Yet unlike many other developer products, databases have decades of examples of successful monetization. We know companies will pay for databases (licenses, support, services, tooling, cloud services, backups, monitoring, analytics), so perhaps the abundance of database startups shouldn’t be so surprising.

DALL-E: "renaissance landscape with an computer software company office building"

No/low-code tools to save developer time, but there are too many

We use Retool at Console (they’ve also sponsored the newsletter). It saved a huge amount of time building the admin panel for our jobs product and it’s amazing how flexible and customizable it is.

If you build a table of data you know the first feature requests are going to be pagination, sorting, filtering, searching…all tedious to build, especially if it’s for internal use rather than delivery user benefits. Retool’s table component gives you all of those for free. The value is clear - use Retool where it doesn’t make sense to dedicate developer time to building undifferentiated internal tools, processes, scripts, apps, and systems.

Airplane is another interesting example (also a Console sponsor) focused more on developer flows like executing scripts, database queries, and other workflow actions that would otherwise need ops to log into production systems.

However, the success of Retool has spawned hundreds of copy-cats. Some of these are doing something different, such as Appsmith being entirely open-source, but there are now too many. There is clearly a lot of demand for tools that allow non-technical users to create systems that would’ve required lots of developer time in the past, but how many can the market support?

DALL-E: "lots of clocks falling into a vast ocean on a planet with stars in the background"

Javascript & Typescript ecosystems get all the hype, but there are many other opportunities

If you agree that there are too many no/low-code tools then what do you think about the number of frontend frameworks!?

“Fullstack” used to mean you could build with both frontend and backend technologies, but these days it really means you write everything in Javascript (hopefully Typescript) first. That’s why there are so many interesting tools for that ecosystem - from the likes of Turbobuild to Socket and from React Email to Inngest.

However, whilst the Javascript & Typescript ecosystems get all the attention, there are still huge opportunities elsewhere. Python is particularly relevant due to its use in data science, machine learning, and AI. Rust is popular for environments that demand high reliability, performance, and security. Go is good for network and API programming.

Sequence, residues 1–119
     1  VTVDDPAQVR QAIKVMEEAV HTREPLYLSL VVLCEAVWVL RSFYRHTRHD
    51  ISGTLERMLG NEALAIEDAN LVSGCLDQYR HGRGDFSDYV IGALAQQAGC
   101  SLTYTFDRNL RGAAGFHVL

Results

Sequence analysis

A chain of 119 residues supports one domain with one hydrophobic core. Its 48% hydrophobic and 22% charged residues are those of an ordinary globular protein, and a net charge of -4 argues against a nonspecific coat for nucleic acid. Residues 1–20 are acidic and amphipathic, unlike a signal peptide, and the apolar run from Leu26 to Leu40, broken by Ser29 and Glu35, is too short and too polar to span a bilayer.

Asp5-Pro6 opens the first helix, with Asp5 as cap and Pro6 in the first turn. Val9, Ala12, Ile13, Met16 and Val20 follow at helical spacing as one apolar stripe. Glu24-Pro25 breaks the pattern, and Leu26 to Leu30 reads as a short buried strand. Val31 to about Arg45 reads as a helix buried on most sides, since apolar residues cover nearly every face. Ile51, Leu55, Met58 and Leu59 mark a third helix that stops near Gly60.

These are all areas with lots of money available to buy products for mission-critical workflows.

DALL-E: "a crowd of people looking at a big screen with several other screens at the side and only a few people looking at them"

Developer adoption, company purchase

One of my favorite product-led growth examples is how Trunk (I’m an investor) have designed their product for developer adoption, but company purchase. The CLI is free and helps developers manage their code quality formatting and linting tools. It provides real value via an IDE plugin and pre-commit hook to ensure your code follows formatting rules, applying auto-fixes where possible.

However, it’s just the first layer in a suite of tools that become useful in a team. Trunk Merge helps coordinate and land many pull requests to avoid conflicts and waiting on slow builds. Trunk CI Analytics provides insight into each build step, highlighting where the most time is spent or errors regularly occur. These are trivial to enable if you’re already using the CLI.

Semgrep is another example where the CLI provides immediate value to developers, but teams can pay for rule management and vulnerability detection features. It can also be managed by Trunk.

Whenever I start a new code project, the first thing I do is git init. The second thing is trunk init. What comes next?

DALL-E: "a man in a suit buying items in a store pixel art"

Anything else?

AI is the obvious omission from the above, I made up for it by using DALL-E generated images because I don’t have much to add. GitHub Copilot is the easiest $10/m to justify with the improved productivity it gives me. It will be interesting philosophically to see the outcome of the lawsuits against GitHub, but it’s too late.

I’m also interested in the infrastructure layer, like Replicate and Lambda, because tools for builders are the best way to commercialize the early days of any new technological trend. I’ve not seen any other interesting applications of AI for developers, yet. I expect that to change.

Developer-first security is another area to watch. The vendor space is very fragmented with no clear leaders (Snyk stands out), which is strange when you compare it to devtools and infra. Everything is an enterprise sale. Security requirements are not going away, so why isn’t it easier for developers to build secure applications?

We’re still at the beginning of the age of the developer, so if you’re building something developer-first, reach out!